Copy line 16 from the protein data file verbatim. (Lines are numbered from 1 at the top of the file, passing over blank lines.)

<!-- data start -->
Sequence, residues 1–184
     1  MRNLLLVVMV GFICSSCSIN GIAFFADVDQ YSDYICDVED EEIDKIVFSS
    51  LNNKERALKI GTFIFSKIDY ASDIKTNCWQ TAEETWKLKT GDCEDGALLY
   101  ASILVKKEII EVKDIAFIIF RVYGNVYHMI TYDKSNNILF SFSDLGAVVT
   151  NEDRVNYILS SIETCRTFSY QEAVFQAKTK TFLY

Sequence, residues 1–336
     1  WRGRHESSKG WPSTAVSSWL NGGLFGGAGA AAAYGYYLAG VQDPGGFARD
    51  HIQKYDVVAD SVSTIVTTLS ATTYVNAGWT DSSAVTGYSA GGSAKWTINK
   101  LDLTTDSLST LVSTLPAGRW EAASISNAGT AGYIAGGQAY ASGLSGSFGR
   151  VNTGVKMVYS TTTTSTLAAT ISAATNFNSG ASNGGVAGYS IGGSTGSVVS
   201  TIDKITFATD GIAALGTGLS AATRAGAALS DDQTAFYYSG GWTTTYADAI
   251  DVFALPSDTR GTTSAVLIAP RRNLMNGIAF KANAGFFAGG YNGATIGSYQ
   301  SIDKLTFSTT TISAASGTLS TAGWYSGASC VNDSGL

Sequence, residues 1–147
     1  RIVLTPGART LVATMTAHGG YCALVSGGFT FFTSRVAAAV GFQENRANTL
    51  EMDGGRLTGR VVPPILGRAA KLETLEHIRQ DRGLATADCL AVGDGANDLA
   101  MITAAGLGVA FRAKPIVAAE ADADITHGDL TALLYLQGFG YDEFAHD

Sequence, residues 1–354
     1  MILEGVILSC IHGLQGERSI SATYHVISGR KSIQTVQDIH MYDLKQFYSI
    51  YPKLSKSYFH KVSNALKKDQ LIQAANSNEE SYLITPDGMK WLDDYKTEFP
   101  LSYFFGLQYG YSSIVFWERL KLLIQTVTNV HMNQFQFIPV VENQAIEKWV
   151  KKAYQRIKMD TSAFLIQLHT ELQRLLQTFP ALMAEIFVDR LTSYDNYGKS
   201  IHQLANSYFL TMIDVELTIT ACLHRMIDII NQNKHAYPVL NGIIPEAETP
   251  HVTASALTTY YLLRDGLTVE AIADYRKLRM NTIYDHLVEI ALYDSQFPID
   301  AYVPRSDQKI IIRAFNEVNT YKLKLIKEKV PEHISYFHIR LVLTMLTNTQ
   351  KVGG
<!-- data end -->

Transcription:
    51  EMDGGRLTGR VVPPILGRAA KLETLEHIRQ DRGLATADCL AVGDGANDLA